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Paramedics called to 30 snake bites in Wide Bay

BE CAREFUL: Sssssnakes are on the moves and have prompted a warning from Gympie vets earlier this week, and now the QAS.
BE CAREFUL: Sssssnakes are on the moves and have prompted a warning from Gympie vets earlier this week, and now the QAS. Patrick Woods

QUEENSLAND Ambulance Service paramedics have joined Gympie vets in warning of the high level of snake activity now that spring has arrived, with the QAS treating more than 500 snake bite cases already this year.

With snakes and people becoming more active as summer approaches, paramedics are warning residents to be on the lookout for snakes and know what to do if bitten.

Wide Bay Chief Superintendent Russell Cooke said paramedics see an increase in snake bites at this time of year.

"Queensland is home to some of the most dangerous species of snakes, including the eastern brown and the red-bellied black snake, and all are capable of delivering a lethal bite," he said.

"Wide Bay paramedics have already attended more than 30 snake bite cases in 2016 and are expecting a spike in incidents as the weather warms up."

Mr Cooke warned people to be cautious when working outdoors or traversing in a snake's habitat, such as when out bush walking.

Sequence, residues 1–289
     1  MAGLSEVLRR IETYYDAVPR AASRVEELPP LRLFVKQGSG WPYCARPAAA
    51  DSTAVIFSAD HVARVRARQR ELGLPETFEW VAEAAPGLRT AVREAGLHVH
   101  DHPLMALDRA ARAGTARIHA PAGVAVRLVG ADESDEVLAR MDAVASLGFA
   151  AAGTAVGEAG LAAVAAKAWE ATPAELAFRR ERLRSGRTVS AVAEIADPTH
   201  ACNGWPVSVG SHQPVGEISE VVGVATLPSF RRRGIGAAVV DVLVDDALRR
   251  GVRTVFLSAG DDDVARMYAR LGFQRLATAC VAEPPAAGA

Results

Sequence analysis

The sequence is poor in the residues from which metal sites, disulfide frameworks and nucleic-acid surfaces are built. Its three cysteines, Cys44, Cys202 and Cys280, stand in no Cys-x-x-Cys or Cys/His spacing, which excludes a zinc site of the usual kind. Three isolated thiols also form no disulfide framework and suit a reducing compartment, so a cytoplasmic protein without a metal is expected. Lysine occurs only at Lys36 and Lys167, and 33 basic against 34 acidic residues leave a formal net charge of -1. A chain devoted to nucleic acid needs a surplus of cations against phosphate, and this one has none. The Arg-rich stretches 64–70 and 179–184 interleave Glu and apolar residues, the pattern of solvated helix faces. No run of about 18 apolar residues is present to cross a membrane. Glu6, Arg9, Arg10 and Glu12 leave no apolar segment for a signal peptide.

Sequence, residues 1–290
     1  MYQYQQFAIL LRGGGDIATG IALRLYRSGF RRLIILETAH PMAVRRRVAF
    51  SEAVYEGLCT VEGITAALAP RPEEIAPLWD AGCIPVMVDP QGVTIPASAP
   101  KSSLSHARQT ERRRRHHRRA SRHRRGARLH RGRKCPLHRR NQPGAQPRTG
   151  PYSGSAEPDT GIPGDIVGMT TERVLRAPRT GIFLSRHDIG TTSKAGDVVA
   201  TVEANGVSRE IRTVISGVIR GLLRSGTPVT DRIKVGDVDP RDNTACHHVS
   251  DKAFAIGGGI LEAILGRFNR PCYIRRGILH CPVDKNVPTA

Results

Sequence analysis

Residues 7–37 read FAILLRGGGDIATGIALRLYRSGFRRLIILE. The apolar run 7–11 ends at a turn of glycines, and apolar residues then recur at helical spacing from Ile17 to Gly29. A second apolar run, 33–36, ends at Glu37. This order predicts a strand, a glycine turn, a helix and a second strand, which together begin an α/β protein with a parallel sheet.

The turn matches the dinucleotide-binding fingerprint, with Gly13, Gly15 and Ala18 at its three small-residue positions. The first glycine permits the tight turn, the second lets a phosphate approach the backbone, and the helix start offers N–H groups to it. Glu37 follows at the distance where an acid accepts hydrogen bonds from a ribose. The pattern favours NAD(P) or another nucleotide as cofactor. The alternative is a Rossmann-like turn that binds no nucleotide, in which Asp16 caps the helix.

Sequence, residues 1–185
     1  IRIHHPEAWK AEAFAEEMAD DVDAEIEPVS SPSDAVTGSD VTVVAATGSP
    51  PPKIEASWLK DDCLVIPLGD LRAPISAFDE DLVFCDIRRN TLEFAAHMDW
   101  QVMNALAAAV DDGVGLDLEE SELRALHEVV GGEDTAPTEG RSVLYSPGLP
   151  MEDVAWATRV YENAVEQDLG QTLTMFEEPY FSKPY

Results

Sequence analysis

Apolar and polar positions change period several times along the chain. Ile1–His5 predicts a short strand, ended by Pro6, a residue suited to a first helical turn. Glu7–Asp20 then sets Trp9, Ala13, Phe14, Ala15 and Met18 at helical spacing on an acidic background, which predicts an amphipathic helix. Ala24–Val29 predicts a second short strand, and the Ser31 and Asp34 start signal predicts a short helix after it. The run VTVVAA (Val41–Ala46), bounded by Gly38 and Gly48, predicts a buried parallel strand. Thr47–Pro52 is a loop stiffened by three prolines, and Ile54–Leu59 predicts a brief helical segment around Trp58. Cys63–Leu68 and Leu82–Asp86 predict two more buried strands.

"If you're cleaning up your property, be careful shifting timber, iron sheeting or similar materials as snakes can be lingering nearby," he said.

"Also avoid walking through long grass, but if you have to, wear enclosed shoes and long pants and carry a compression bandage with you.

"Make your property less attractive to snakes by disposing of food properly, including pet food, and keeping animal enclosures such as aviaries clean to prevent rodents such as mice and rats."

Mr Cooke urged everyone to have a first aid kit handy to treat a bite and to have a clear understanding of what to do in an emergency.

"A snake bite can be fatal so always call 000 immediately, and keep the patient as calm as possible to reduce the spread of venom around the body," he said.

"Don't wash the wound, as the hospital may need to test the area to identify the snake.

"Bandage over the snake bite firmly, then work up the limb starting at the extremities (fingers and toes) and splint the limb to keep it straight."

QAS offers a number of first aid courses that ensure people are prepared for a range of emergencies, including snake bites. For bookings, phone 13 QGOV (13 74 68) or visit https://ambulance.qld.gov.au for more information.

Topics:  ambulance general-seniors-news paramedics snake bite snake bites

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